Shallow water crossings with steep clay banks are routine in GNCC and Hare Scrambles racing. None of the pros slam through a section like this, since risking hidden hazards, fouled vision and compromised gloves aren’t worth the milliseconds saved. The problem is that steep banks attacked at slow speed rut up deeply, and the ruts frequently have roots or rocks with zero traction in the bottom. Multi-time National Hare Scrambles champion Jason Raines explains what he does to avoid getting stuck in these tricky ruts.
1 Raines has slowed and evaluated the rutted bank, but is committed to the line. He is loading the front end with the front brake and has the clutch in, preparing to accelerate and use all the traction that he can find in the mud to build momentum for the tricky rut and to make sure that he wheelies all the way through it.2 This rut is deeper than the footpegs, so there is no way to simply ride through it. Approach the rut using the clutch and throttle to keep the engine right between stalling and spinning, and keep weight on the rear wheel. That gets the front end up and carries the front wheel all the way through the rut, so the pegs clear.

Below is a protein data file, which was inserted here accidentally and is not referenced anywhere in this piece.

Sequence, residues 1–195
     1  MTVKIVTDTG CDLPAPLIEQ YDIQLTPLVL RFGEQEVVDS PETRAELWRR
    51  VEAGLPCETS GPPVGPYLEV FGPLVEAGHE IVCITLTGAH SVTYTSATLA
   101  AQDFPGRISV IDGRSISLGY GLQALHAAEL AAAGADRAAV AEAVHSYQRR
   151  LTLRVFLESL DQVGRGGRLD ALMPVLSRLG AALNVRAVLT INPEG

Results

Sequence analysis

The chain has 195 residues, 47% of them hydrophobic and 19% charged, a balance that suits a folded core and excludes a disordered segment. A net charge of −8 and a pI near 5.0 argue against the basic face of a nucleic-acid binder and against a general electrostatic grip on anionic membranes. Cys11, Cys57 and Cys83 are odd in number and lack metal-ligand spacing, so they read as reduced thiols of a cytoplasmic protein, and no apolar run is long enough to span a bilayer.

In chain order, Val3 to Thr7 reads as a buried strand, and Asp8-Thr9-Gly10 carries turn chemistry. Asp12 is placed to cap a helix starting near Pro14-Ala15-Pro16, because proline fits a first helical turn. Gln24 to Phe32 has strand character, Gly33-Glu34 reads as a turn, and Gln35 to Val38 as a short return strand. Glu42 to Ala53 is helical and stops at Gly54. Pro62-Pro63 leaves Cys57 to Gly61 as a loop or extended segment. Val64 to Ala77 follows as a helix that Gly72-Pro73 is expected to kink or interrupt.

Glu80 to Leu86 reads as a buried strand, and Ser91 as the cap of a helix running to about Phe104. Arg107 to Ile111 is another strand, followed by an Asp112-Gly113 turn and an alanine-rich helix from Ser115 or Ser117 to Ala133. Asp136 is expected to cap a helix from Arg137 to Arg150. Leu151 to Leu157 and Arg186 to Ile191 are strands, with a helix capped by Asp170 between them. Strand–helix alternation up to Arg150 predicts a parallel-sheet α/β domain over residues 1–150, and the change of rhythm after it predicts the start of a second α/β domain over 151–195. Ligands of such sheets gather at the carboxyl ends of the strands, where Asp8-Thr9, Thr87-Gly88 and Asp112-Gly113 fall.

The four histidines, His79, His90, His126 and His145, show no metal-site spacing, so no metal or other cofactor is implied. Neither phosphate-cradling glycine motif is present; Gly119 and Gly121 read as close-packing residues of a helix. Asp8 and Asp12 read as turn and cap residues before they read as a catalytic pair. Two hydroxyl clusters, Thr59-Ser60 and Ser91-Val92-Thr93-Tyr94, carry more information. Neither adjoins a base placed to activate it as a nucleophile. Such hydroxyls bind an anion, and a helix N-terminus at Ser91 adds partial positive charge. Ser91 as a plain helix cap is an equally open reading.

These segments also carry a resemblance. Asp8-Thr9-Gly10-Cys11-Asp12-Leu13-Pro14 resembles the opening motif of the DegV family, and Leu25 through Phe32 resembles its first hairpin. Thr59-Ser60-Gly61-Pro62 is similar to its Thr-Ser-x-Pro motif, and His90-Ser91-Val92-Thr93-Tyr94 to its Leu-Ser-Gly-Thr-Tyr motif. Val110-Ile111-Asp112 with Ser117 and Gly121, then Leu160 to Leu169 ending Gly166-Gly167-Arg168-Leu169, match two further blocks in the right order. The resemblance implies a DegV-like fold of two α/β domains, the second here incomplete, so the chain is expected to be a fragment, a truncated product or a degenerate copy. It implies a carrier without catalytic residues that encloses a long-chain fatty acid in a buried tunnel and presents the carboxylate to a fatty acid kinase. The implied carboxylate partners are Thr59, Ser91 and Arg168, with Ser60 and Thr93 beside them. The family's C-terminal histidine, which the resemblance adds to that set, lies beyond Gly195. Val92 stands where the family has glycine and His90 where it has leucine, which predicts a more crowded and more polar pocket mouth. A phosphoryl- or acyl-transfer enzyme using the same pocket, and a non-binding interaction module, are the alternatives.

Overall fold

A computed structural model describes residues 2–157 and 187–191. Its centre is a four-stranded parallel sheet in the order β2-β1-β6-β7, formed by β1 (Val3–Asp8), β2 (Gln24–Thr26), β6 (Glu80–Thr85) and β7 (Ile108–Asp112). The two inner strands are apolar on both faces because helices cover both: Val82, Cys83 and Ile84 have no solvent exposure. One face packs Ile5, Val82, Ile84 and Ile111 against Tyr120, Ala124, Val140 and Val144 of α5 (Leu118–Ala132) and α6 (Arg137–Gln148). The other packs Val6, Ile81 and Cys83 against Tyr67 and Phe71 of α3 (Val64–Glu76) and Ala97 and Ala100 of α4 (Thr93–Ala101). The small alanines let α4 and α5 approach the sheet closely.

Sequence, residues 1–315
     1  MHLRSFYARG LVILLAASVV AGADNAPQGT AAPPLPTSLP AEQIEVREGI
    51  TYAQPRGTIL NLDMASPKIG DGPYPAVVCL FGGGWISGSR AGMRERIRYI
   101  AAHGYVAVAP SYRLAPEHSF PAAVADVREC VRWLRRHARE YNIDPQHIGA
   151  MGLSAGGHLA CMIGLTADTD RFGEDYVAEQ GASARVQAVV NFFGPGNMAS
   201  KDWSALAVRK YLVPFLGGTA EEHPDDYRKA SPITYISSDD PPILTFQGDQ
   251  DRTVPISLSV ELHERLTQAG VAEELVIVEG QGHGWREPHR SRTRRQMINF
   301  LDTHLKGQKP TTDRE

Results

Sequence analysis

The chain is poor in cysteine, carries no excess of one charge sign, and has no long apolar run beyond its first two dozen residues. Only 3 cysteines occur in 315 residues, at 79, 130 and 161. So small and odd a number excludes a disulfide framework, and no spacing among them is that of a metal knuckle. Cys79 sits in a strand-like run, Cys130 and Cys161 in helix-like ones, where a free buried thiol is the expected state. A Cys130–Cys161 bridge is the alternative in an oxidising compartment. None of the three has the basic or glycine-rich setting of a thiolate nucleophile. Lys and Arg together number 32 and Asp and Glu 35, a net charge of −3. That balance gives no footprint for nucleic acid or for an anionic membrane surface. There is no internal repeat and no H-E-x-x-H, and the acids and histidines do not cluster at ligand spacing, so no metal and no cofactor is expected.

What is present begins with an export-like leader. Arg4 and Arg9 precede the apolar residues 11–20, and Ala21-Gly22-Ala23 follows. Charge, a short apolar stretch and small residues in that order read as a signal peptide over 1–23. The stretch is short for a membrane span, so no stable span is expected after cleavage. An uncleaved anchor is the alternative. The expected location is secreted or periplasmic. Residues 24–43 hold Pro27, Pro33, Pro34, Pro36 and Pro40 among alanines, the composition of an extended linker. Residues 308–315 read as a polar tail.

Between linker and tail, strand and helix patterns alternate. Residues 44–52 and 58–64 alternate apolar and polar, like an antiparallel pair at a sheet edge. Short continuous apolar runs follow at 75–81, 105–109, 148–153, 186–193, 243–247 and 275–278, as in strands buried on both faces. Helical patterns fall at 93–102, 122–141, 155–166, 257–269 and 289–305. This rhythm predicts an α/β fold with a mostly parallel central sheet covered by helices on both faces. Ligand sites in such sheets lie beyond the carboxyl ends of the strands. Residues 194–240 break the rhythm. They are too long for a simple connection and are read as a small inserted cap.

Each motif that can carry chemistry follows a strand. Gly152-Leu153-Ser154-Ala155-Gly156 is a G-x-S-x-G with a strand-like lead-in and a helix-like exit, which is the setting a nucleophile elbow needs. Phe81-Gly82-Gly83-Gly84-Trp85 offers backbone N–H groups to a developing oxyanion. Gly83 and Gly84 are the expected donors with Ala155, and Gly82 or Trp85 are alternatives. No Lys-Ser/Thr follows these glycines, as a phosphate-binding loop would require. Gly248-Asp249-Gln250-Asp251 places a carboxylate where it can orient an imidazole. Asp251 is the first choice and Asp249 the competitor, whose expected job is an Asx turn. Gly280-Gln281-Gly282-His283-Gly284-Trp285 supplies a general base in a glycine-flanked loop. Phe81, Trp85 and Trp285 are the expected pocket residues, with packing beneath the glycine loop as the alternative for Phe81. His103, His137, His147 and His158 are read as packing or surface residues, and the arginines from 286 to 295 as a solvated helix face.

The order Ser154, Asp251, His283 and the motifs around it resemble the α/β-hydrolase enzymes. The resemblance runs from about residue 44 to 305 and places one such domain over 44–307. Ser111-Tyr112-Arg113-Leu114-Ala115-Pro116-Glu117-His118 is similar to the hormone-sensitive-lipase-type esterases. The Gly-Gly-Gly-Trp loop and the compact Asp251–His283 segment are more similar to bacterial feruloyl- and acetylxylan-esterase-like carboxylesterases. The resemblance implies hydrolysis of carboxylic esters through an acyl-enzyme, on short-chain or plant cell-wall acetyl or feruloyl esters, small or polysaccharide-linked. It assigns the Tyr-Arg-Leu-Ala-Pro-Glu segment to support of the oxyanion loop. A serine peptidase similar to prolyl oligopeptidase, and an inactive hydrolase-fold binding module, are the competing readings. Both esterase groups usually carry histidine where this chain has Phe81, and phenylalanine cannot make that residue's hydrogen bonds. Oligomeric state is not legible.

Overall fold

3 If you attempt to ride through with the front wheel in the rut, the footpegs will hang up and lift the rear wheel off the ground and you will be stuck. It ruins the rut for the riders behind you if you attempt to paddle and roost through. You are stuck, and the only option is lifting the bike out. If you paddle, keep your butt on the seat and make sure that you don’t lift your weight off the bike.Visit www.rainesracing.com for more information on Jason’s training and riding schools and camps.